Then comes this final word of amazing truth: “A new command I give you: Love one another. As I have loved you, so you must love one another. By this all men will know that you are my disciples, if you love one another.”

Because we define love as a sentimental emotional state, these words might appear rather jarring. Why? Because here Christ commands us to love! Can love be commanded? Can it be willed into existence? Jesus says it can. Otherwise, He wouldn’t have said what He did right here.

The word love, used here in the original language of the Bible, means unconditional, self-sacrificing love. It means doing for another without expecting or demanding anything in return. It means giving your heart over to another and doing whatever is necessary to insure their well-being. Sometimes that even means saying: “No.” Sometimes it entails pointing out their faults in order to protect them from themselves. Sometimes it means suffering unjust scorn for trying to help. Those are some of the “heavy lifting” sides of this kind of love. I truly believe that in the modern Christian church love is misunderstood and often misused. Modern people have overlooked the fact that love isn’t always passive and sentimental; no, true love is the willingness to also suffer for another and having your motives questioned even as they resist your help. Later on, Peter resisted St. Paul and had a public disagreement with him. Peter was wrong. Paul prevailed. St. Paul’s love for Peter and even moreso for Christ’s truth kept him from taking it personally and giving up on Peter. Do you operate that same way in dealing with others? Now you begin to understand what St. Paul meant when he later wrote in 1 Cor. 13, the “Love chapter,” as to how: “Love never fails.”

But how is this kind of love, characterized later by Paul as: “patient, kind, none envious, not proud or rude, not self-seeking, not easily angered, and which keeps no record of wrongs,” how is that kind of love even possible for sinful human beings like us? Did Jesus here command the impossible? No! That would be cruel and our Savior is never cruel!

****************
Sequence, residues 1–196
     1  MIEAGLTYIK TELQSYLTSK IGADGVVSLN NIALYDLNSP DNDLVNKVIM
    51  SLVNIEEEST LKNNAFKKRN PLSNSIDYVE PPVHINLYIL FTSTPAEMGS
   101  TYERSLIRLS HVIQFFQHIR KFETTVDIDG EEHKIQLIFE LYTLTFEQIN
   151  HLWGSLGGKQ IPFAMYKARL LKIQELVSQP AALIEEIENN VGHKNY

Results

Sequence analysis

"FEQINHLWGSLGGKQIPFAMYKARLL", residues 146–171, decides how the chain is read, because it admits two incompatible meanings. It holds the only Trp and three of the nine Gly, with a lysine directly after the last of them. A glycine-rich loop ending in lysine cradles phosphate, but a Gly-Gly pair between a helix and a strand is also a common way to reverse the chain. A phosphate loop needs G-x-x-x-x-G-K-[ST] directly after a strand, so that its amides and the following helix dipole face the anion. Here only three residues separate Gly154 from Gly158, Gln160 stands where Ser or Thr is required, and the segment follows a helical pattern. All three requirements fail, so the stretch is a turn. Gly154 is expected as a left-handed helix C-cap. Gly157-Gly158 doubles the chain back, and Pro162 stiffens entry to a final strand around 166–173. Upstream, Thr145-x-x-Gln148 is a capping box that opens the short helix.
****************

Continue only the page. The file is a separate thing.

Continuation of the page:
No, true Christian love is made possible by our loving Savior. He always spoke the truth, even when it hurt—think of Judas and Christ’s words of admonishment in the Upper Room. But Jesus always did it in love. He wanted Judas to repent. He wanted Peter to avoid his upcoming denials. He wanted His enemies surrounding the cross to wake up, admit their sins and be saved. That’s why even while hanging from Calvary’s cross He would say: “Father, forgive them for they do not know what they are doing.”

You and I have been given the love of Christ. He made it ours when we were baptized. He keeps it alive in our hearts every Sunday when we receive absolution and when we commune. His love is characterized by forgiveness extended to hearts like ours which don’t come by love naturally.

Getting back to: “Love is never having to say you’re sorry.”—It’s a crock. Love is all about being willingly to put your pride aside and admitting your sins against another. It’s all about praying for your spouse, your children, and yes, even your enemies! It’s about putting your pride in your pocket and applying Christ’s love to starving souls. Human love is a commodity characterized by greed. We hoard it for ourselves, but we don’t like to share it. But Christian love is a commodity characterized by grateful humility which says: “There but by the grace of God, go I.” Amen